In fact, McDonald’s CEO Steve Easterbrook was fired in 2019 after he admitted to having a consensual sexual relationship with an employee. It was later determined that Easterbrook lied to the board about the extent of his relationships with employees and he was forced to pay back his more than $100 million severance.

The PwC report noted another CEO trend: CEO entrenchment is a thing of the past. Average CEO tenure fell to five years, down from eight, with fewer than one-fifth of CEOs lasting 10 years or longer in the role.

What Should Corporate Boards Do?

Whether a CEO resigned unexpectedly, announced plans to retire in the coming months, or is forced out due to poor performance, directors are left with the challenge of finding a suitable replacement.

Oftentimes, promoting from within is the answer. But not always.

And the trend toward hiring outside CEOs accelerated in the pandemic, according to the Harvard Business Review: “As organizations readjusted their business models, supply chains, and ways of working to weather the pandemic, it became more common to look for leaders outside the company. For example, in 2020, 29% of S&P 500 companies that replaced their CEOs hired an outsider, up from 21% in 2019. Going forward, boards may need to place even more emphasis on appointing leaders with M&A transaction and merger integration experience, digital transformation expertise, and greater familiarity with leading flexible workforces,” the report says.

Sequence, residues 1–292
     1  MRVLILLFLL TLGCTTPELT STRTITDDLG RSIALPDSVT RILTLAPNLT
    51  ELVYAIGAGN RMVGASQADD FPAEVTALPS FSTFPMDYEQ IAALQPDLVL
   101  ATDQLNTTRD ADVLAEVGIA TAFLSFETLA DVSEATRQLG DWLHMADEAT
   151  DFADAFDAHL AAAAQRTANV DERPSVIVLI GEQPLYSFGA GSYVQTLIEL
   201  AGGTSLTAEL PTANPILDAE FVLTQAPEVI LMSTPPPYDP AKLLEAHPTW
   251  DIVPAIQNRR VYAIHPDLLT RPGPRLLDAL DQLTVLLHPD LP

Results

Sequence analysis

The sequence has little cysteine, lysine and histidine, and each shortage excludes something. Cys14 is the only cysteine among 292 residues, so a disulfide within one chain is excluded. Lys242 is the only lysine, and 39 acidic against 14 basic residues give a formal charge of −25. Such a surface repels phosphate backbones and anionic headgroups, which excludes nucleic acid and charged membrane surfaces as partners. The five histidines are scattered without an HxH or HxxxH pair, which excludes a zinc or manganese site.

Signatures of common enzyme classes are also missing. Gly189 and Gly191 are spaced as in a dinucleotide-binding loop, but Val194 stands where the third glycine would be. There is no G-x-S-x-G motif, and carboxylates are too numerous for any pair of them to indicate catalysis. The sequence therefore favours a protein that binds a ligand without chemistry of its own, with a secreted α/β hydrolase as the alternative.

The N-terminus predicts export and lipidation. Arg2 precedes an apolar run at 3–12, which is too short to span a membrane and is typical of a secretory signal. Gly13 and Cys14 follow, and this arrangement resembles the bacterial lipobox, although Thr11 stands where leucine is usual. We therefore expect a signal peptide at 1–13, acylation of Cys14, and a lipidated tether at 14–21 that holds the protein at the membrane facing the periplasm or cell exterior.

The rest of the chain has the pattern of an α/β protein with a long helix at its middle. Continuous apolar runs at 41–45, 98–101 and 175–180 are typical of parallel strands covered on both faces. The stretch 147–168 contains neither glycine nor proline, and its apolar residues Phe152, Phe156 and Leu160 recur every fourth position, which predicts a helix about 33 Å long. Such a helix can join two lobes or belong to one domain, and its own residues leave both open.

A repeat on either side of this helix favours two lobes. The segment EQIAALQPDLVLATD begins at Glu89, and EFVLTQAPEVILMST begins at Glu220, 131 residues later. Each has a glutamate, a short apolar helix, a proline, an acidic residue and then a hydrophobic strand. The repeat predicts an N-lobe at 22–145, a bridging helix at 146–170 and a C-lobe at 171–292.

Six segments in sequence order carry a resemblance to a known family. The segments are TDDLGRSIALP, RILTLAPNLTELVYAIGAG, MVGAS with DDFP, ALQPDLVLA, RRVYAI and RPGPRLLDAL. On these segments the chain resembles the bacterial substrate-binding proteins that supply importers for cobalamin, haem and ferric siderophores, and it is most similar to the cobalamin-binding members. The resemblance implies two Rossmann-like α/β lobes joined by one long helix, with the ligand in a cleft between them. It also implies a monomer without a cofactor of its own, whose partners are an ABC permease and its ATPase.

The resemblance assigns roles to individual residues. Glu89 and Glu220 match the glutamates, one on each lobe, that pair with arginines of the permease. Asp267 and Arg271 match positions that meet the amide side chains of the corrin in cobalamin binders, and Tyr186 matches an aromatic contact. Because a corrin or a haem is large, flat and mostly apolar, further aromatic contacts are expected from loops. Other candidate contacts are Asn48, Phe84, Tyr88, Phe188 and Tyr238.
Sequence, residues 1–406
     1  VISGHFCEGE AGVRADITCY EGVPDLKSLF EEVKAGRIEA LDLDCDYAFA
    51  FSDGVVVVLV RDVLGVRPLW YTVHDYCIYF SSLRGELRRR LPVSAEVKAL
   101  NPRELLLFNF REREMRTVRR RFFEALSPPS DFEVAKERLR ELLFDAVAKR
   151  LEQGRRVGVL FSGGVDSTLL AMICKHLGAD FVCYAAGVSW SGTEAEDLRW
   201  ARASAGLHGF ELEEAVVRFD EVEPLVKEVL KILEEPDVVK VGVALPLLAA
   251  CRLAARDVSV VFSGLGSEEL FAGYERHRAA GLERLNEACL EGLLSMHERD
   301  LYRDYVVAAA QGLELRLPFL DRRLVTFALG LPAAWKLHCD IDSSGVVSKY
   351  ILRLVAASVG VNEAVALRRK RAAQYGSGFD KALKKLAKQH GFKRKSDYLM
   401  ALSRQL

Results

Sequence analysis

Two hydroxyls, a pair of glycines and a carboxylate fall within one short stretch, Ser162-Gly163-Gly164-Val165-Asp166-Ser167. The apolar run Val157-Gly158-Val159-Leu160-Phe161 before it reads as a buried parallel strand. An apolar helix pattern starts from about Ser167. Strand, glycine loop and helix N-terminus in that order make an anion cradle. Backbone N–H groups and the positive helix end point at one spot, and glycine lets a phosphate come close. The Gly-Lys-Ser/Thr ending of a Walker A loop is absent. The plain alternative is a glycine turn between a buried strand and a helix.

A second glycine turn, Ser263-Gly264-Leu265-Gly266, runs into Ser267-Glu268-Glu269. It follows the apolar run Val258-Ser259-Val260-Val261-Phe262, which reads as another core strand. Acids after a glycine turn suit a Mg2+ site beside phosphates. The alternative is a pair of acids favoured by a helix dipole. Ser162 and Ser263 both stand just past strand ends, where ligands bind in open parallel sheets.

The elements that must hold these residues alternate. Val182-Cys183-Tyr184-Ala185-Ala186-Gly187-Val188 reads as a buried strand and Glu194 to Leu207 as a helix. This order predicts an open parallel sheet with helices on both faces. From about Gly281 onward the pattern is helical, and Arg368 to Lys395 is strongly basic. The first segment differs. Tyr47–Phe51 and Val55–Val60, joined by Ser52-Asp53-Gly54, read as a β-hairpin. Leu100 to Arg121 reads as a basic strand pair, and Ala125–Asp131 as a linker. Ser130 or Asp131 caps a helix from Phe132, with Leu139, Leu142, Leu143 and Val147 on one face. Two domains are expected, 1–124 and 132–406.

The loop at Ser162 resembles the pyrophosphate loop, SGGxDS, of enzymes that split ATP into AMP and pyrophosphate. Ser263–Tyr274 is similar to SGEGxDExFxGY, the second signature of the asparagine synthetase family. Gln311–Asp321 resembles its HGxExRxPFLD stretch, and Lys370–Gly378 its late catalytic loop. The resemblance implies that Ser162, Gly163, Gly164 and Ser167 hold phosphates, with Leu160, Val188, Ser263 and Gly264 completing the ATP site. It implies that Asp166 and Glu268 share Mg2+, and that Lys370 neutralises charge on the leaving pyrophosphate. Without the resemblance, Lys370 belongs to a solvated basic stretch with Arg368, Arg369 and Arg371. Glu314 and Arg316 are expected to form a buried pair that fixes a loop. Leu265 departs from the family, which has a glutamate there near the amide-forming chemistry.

Who is the Right CEO Successor?

So how do you find the right C-level executive? The two most common approaches are:

  • Engage an executive search firm.
  • Bring in an interim executive.

There are distinct advantages of bringing in an interim executive, which can be a different approach than engaging the services of an executive search firm. The key ones are:

  • Avoid Leadership Gaps. An executive search can take months, sometimes longer than a year, to identify the right hire and get that person live in the role. An interim executive can take the reins immediately, ensuring stability within the organization, and a clear roadmap to take a company forward. If you choose to work with an InterimExecs’ RED (Rapid Executive Deployment) Team member, you can avoid weeding through hundreds of resumes and can be matched with an executive in as little as 48 hours.
  • Lower Your Risk. A full-time executive hired through the executive search process is an expensive hire and a long-term commitment that can be even more costly if it doesn’t work out and you have to buy the executive out of a contract. An interim executive, on the other hand, has no contractual relationship with the company. Flexible contracts, no severance, no benefits. The contract can scale up or scale back as need be, and can easily be terminated only a full-time hire is made or the project brought to completion.
  • Cross Industry Expertise. The leader you may need now in your company might be very different from the leader you need months or a year from now. A RED Team executive has the experience of working in many different companies with many different challenges in many different industries. Unlike the executives identified by head hunters, generally from within your industry, a RED Team executive arrives at the office with a wealth of experience. That means you get a fresh, outside perspective and best practices that could be put in place that someone entrenched in one industry might not think of.